Zora and Langston is the dramatic and moving story of one of the most influential friendships in literature. They were best friends. They were collaborators, literary gadflies, and champions of the common people. They were the leading lights of the Harlem Renaissance. Zora Neale Hurston, the author of Their Eyes Were Watching God, and Langston Hughes, the author of “The Negro Speaks of Rivers” and “Let America Be America Again,” first met in 1925, at a great gathering of black and white literati, and they fascinated each other. They traveled together in Hurston’s dilapidated car through the rural South collecting folklore, worked on the play Mule Bone, and wrote scores of loving letters. They even had the same patron: Charlotte Osgood Mason, a wealthy white woman who insisted on being called “Godmother.” Paying them lavishly while trying to control their work, Mason may have been the spark for their bitter and passionate falling-out. Was the split inevitable when Hughes decided to be financially independent of his patron? Was Hurston jealous of the young woman employed as their typist? Or was the rupture over the authorship of Mule Bone? Yuval Taylor answers these questions while illuminating Hurston’s and Hughes’s lives, work, competitiveness, and ambition, uncovering little-known details.

Zora

by Judith Bloom Fradin

Zora Neale Hurston was confident, charismatic, and determined to be extraordinary. As a young woman, Hurston lived and wrote alongside such prominent authors as Langston Hughes and Alain Locke during the Harlem Renaissance. But unfortunately, despite writing the luminary work Their Eyes Were Watching God, she was always short of money. Though she took odd jobs as a housemaid and as the personal assistant to an actress, Zora often found herself in abject poverty. Through it all, Zora kept writing. And though none of her books sold more than a thousand copies while she was alive, she was rediscovered a decade later by a new generation of readers, who knew they had found an important voice of American Literature.

Zoo Vet: Adventures of A Wild Animal Doctor

by David Taylor

In this book, Taylor shares some of his experiences as he cares for exotic animals. Not all stories have happy endings, but all are heart-warming. This is an honest look at what it was like to be a zoo vet in the fifties and sixties.

Zoo Station: The Story of Christiane F.

by Christina Cartwright Christiane F.

In 1978 Christiane F. testified against a man who had traded heroin for sex with teenage girls at Berlin's notorious Zoo Station. In the course of that trial, Christiane F. became connected with two journalists, and over time they helped to turn her story--which begins with a dysfunctional but otherwise fairly normal childhood--into an acclaimed bestseller. Christiane F.'s rapid descent into heroin abuse and prostitution is shocking, but the boredom, the longing for acceptance, the thrilling risks, and even the musical obsessions that fill out the rest of Christiane's existence will be familiar to every reader. Christiane F.'s Berlin is a strange and often terrifying place, but it's also a place that remains closer than we might think....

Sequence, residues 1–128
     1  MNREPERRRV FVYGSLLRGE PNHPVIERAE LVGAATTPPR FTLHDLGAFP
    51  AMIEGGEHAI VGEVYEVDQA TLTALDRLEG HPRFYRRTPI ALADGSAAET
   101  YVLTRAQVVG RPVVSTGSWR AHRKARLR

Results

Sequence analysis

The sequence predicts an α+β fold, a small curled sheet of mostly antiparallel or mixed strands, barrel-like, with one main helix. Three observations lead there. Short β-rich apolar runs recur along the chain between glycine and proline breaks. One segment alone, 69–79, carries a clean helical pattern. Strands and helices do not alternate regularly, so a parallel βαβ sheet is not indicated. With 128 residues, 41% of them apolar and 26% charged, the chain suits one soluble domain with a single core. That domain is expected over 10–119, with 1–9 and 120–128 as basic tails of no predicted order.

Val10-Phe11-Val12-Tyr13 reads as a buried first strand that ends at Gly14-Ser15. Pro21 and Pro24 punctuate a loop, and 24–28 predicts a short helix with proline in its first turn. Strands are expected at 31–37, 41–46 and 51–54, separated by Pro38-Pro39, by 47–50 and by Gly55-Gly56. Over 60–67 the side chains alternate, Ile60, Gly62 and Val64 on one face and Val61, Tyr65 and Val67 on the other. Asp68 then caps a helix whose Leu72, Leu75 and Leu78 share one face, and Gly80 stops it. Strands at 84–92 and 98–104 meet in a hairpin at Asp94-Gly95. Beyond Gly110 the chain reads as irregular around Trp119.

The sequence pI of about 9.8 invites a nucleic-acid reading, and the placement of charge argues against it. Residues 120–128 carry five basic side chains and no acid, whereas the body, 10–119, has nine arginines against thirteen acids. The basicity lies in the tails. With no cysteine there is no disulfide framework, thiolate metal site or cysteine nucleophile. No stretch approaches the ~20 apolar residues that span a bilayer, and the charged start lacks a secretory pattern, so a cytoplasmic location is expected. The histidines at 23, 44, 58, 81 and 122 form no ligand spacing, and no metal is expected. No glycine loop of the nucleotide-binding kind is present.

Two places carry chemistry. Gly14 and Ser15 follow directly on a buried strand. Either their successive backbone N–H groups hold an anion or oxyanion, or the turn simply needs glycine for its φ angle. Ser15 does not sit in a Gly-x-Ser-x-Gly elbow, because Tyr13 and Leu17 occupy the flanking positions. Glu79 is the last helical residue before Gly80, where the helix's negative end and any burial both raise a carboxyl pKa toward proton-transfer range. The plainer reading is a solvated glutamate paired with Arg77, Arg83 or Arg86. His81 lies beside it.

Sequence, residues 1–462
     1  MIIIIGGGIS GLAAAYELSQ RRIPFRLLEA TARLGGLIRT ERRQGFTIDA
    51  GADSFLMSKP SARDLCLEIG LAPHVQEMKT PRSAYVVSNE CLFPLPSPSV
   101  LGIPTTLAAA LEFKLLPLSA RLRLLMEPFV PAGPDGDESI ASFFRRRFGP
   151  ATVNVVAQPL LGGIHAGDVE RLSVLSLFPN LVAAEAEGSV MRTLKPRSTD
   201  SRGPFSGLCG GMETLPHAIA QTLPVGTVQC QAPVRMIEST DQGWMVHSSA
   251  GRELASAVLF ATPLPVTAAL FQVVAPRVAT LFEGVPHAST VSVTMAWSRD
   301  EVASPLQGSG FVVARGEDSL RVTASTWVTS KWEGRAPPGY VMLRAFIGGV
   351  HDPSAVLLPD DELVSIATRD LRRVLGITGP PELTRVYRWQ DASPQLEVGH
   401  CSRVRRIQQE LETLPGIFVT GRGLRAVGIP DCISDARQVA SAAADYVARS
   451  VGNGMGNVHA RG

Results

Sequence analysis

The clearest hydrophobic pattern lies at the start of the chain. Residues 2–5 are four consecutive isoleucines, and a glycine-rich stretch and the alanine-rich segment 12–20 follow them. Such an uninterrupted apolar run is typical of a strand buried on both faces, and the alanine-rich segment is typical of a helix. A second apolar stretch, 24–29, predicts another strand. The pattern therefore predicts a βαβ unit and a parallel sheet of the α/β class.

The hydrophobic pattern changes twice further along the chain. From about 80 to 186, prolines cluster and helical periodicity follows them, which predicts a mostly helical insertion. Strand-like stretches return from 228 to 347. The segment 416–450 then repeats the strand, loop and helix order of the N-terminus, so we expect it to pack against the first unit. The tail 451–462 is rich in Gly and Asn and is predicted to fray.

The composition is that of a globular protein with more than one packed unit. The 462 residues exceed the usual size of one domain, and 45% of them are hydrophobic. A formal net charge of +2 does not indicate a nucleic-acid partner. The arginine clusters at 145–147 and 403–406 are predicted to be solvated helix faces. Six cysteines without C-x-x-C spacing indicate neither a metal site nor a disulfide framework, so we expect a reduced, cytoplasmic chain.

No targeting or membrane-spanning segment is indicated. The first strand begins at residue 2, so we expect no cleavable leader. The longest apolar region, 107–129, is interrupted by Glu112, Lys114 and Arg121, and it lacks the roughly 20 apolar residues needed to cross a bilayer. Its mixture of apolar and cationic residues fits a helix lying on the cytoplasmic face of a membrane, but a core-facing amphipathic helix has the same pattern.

Zoo Station

by Christiane F Christina Cartwright

In 1978 Christiane F. testified against a man who had traded heroin for sex with teenage girls at Berlin's notorious Zoo Station. In the course of that trial, Christiane F. became connected with two journalists, and over time they helped to turn her story--which begins with a dysfunctional but otherwise fairly normal childhood--into an acclaimed bestseller. Christiane F.'s rapid descent into heroin abuse and prostitution is shocking, but the boredom, the longing for acceptance, the thrilling risks, and even the musical obsessions that fill out the rest of Christiane's existence will be familiar to every reader. Christiane F.'s Berlin is a strange and often terrifying place, but it's also a place that remains closer than we might think....

Zoo Station

by Christiane F Christina Cartwright

In 1978 Christiane F. testified against a man who had traded heroin for sex with teenage girls at Berlin's notorious Zoo Station. In the course of that trial, Christiane F. became connected with two journalists, and over time they helped to turn her story--which begins with a dysfunctional but otherwise fairly normal childhood--into an acclaimed bestseller. Christiane F.'s rapid descent into heroin abuse and prostitution is shocking, but the boredom, the longing for acceptance, the thrilling risks, and even the musical obsessions that fill out the rest of Christiane's existence will be familiar to every reader. Christiane F.'s Berlin is a strange and often terrifying place, but it's also a place that remains closer than we might think....

The Zoo on the Road to Nablus

by Amelia Thomas